Jesus’ resurrected gut biome

In John’s Gospel we meet a body of flesh and blood. And microbes. 

Jesus takes a bite of fish. Inside his mouth, teeth grind the fleshy lump. He swallows. Stomach acid in Jesus’ gut breaks down the chaw before it passes into his digestive tract. In his bowels, 100 trillion microbes begin their work. More than a thousand species in Jesus’ intestines transfigure the protein into amino acids that feed his brain, muscles, and immune system.

This is an unremarkable process—after all, digestion is what bodies do—were it not for this: the teeth that chew, the stomach that digests, the microbes that turn through Jesus’ intestines are the resurrected body of Christ.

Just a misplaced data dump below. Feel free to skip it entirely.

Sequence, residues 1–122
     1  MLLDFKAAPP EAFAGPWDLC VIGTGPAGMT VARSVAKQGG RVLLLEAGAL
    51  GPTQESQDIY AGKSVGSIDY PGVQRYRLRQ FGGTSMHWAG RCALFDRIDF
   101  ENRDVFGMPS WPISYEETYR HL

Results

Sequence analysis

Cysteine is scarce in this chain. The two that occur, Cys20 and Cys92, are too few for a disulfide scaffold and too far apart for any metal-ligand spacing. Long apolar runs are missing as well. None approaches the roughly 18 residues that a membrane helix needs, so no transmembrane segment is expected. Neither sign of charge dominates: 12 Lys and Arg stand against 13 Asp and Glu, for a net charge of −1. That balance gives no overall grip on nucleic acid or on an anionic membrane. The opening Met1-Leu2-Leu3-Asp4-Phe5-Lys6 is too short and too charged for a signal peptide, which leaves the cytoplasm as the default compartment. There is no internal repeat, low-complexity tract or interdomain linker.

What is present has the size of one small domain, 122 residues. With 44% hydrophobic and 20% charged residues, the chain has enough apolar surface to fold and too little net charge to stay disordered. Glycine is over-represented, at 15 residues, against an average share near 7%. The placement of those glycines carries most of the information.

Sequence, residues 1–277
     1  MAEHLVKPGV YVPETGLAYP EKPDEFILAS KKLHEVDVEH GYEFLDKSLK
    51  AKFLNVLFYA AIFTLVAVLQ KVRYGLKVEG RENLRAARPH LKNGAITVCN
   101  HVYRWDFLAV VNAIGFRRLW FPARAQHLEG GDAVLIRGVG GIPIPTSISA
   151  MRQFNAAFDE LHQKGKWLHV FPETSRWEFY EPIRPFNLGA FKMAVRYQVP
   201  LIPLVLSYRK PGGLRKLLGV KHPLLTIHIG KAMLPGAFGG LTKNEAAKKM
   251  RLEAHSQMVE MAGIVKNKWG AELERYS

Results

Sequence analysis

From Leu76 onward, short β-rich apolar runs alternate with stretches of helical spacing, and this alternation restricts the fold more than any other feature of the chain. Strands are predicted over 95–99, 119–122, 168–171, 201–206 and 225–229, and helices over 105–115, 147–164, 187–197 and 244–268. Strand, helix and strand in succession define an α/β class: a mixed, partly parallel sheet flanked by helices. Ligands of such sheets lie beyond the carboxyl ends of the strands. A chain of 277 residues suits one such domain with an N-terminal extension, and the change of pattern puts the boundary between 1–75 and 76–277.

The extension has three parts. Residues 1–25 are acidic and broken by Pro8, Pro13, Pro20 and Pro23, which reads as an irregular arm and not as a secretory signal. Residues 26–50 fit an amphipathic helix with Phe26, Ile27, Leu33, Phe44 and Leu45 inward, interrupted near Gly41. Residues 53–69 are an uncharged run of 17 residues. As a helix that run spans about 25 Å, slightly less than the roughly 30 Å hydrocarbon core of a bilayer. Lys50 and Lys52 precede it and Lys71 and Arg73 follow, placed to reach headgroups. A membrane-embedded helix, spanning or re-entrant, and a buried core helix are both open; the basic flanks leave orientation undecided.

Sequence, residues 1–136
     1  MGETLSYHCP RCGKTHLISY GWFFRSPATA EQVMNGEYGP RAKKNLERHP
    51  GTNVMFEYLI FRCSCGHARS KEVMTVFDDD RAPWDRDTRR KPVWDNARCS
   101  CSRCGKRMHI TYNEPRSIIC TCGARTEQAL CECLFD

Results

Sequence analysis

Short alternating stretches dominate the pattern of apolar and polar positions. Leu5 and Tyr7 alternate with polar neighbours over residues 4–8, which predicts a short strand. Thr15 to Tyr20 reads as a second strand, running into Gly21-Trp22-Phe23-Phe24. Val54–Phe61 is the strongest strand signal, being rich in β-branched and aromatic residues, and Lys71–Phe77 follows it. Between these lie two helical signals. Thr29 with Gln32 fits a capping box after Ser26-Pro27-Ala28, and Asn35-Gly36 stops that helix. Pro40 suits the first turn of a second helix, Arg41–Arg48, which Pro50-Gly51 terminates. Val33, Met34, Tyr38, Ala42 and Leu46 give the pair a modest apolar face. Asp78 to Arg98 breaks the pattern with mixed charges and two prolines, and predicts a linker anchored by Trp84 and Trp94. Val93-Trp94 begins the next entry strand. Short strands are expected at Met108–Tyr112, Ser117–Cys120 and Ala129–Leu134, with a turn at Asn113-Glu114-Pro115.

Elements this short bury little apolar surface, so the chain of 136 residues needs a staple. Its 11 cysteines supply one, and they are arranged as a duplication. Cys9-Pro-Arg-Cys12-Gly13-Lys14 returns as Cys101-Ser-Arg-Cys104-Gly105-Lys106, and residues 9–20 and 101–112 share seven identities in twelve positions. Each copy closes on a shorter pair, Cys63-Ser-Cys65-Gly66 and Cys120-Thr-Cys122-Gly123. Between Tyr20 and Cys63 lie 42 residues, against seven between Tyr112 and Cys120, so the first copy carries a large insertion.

In John’s Gospel, there on the shore with the fishermen, we meet a body of flesh and blood. God and person: without confusion, without change, without mixture, without separation. For the risen Christ to remain human, he has to return as the full community of creatures that constitute his body.